The following morning I had a Zoom call with a group of men I refer to as my Wisdom Council. The general purpose of the weekly call is to support one another through life’s ups and downs, week to week.
Driving home from the clinic, my mind was racing. I formulated the beginnings of a plan on how to recover from diabetes: a complete withdrawal from sweets, anything containing wheat, and starchy foods like potatoes and rice. I had read about wheat belly years earlier but never could give up my hot bagels, fresh whole-wheat bread, or several other favorites — pasta, pizza, and Basmati rice with spicy Indian food. I resolved to research diabetes itself and the best means possible for defeating it.
A prime place where excess glucose is stored is in the liver. So the liver becomes fatty — and thus far less efficient at its job of metabolizing food. Fat around the belly pretty much assures that other visceral organs are fat-laden, too.
Uh-oh. Some of my other favorite foods had to go: fruits, lentils, chickpeas, and beans. Oatmeal, granola, and milk. Quinoa, rice, and all other grains. Not only potatoes but sweet potatoes as well (the healthier option, I’d always thought).
Rarely a day went by when I didn’t eat one or two of the wide variety of fresh fruits available where I live — in the Philippines. I avoided fast-food restaurants and rarely bought processed foods. Whenever a recipe called for sugar, I replaced it with honey — a healthier choice.
On reflection, I knew the source of the diabetes problem. After walking the Camino de Santiago in 2019, I was at my lowest weight in 30 years. In the following nine months, I had gained 20 pounds — still, in my mind, on the high side of “normal”.
When the doctor prescribed Metformin — a diabetes-control drug — I gave it not a moment’s consideration. I’m 70 and have always avoided maintenance medications. When a checkup indicated the presence of an abnormal condition, I’d research its cause and try to address it with supplements or diet rather than drugs.
An item that popped up in my research seemed like a no-brainer to me: intermittent fasting. So I resolved to start 16:8 fasting after that night’s dinner. That’s 16 hours of fasting (say, from 8 p.m. in the evening until 12 p.m. the next day), followed by an eight-hour eating window (12 p.m.-8 p.m., for instance). Then wash, rinse, and repeat. Also, cue the internal monologue:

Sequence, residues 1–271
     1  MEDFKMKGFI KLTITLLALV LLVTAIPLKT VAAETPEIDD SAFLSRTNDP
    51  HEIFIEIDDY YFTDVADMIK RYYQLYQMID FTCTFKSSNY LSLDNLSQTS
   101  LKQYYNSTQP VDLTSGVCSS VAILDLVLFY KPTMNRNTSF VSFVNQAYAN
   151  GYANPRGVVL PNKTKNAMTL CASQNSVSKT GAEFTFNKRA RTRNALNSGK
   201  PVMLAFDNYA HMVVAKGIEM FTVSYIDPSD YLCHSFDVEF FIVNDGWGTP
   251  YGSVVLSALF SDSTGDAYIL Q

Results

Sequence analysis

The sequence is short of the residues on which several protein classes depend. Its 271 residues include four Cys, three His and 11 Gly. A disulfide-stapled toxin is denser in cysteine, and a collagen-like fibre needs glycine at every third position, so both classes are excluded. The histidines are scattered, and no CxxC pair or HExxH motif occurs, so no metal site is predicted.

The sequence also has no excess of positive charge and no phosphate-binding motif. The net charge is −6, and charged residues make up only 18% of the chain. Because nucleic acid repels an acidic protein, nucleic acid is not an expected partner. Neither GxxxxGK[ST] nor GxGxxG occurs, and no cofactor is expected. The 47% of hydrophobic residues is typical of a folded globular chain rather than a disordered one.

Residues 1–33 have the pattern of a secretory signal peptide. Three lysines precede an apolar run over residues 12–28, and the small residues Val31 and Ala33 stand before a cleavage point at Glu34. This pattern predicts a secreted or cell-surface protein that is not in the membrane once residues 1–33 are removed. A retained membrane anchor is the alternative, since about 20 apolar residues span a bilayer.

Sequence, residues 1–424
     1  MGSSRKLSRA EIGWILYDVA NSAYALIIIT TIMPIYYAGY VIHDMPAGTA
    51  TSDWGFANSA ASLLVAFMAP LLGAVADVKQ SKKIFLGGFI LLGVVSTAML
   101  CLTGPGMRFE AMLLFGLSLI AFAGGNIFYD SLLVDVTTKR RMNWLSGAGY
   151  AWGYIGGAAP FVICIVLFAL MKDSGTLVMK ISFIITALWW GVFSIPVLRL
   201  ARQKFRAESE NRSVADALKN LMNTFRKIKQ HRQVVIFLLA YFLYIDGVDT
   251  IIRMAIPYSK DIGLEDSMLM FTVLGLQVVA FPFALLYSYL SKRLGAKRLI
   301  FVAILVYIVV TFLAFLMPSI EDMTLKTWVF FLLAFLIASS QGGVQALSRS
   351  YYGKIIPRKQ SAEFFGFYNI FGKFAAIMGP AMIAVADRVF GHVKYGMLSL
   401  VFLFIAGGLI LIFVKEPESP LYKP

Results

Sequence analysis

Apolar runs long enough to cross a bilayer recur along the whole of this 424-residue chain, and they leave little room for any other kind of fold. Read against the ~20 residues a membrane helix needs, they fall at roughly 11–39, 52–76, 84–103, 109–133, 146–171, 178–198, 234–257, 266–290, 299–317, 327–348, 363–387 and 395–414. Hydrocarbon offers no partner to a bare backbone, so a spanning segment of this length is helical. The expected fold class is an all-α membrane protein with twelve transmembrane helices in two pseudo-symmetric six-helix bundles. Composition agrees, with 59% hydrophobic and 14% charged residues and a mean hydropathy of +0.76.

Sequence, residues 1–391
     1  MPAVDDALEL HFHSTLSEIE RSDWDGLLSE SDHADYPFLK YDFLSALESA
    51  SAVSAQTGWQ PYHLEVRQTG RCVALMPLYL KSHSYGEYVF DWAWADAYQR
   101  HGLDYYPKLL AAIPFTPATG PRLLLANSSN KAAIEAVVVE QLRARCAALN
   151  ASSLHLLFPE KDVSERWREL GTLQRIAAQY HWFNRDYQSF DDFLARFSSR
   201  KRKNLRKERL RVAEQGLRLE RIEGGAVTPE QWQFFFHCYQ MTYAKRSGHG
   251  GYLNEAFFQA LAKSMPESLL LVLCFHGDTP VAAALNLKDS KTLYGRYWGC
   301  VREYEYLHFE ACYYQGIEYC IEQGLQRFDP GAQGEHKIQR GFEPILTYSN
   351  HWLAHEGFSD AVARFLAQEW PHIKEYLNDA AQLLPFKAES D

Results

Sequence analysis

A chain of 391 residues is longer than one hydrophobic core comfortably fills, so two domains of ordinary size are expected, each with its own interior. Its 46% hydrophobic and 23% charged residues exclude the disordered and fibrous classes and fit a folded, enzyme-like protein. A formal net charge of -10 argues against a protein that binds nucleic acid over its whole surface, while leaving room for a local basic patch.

It became very clear within an hour or two of researching diabetes that my lifelong appreciation of breads and pasta was surely a primary cause of the problem. The carbohydrates in food are quickly transformed into glucose in the body. Insulin — produced by the pancreas in response to eating — is supposed to metabolize that glucose so it can meet the body’s short-term energy needs. But with Type 2 diabetes, the body has become insulin-resistant. In other words, insulin can’t do its job, so the glucose accumulates in the blood and is stored in cells as fat.
But in the five months before my diagnosis, the COVID-19 lockdown had had its way with me. I had spent long hours every day at my computer, mindlessly nibbling soda crackers or other salty snacks out of boredom. My gym was closed, and technically I was prohibited from leaving my home. I still walked in circles around the rather large lot where I live for three miles on most days. But eating from boredom and reduced exercise added another 20 pounds to my weight.
Modern medical research has discounted the old myth that high cholesterol levels lead to heart disease and higher mortality rates, so I didn’t worry about it much. I had accepted the condition as hereditary, without giving it much thought. My doc now, though, referred to those numbers as verification of my diabetes diagnosis. I wondered if that was true.
Since leaving the USA in 2010, I had lost touch with these and other men from my men’s brotherhood (The ManKind Project). Previously, I had sat in weekly face-to-face gatherings among these men for over ten years. Due to COVID-19, they had recently started holding their gatherings on Zoom and reached out to me to join them. Sitting with these men again in weekly circles was truly a redeeming aspect of the pandemic.
Many maintenance medications are putting a Band-Aid on a disorder rather than correcting it at its source. And frequently, the side effects can be worse than the original condition.
The blood panel with my high HbA1c marker also showed a few items I had seen on my blood tests throughout my adult life: high levels of LDL cholesterol and triglycerides and low HDL cholesterol. I had avoided taking the statins prescribed by my docs and tried to manage this with diet — but nothing seemed to correct them.
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